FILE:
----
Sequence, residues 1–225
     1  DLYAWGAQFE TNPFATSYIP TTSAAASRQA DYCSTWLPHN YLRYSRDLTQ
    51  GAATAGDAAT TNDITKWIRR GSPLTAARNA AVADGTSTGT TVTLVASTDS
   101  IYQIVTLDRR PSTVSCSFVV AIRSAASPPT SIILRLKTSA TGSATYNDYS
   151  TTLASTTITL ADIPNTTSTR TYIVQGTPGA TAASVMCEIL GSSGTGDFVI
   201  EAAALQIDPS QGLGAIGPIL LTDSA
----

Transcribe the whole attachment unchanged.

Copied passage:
Sequence, residues 1–225
     1  DLYAWGAQFE TNPFATSYIP TTSAAASRQA DYCSTWLPHN YLRYSRDLTQ
    51  GAATAGDAAT TNDITKWIRR GSPLTAARNA AVADGTSTGT TVTLVASTDS
   101  IYQIVTLDRR PSTVSCSFVV AIRSAASPPT SIILRLKTSA TGSATYNDYS
   151  TTLASTTITL ADIPNTTSTR TYIVQGTPGA TAASVMCEIL GSSGTGDFVI
   201  EAAALQIDPS QGLGAIGPIL LTDSA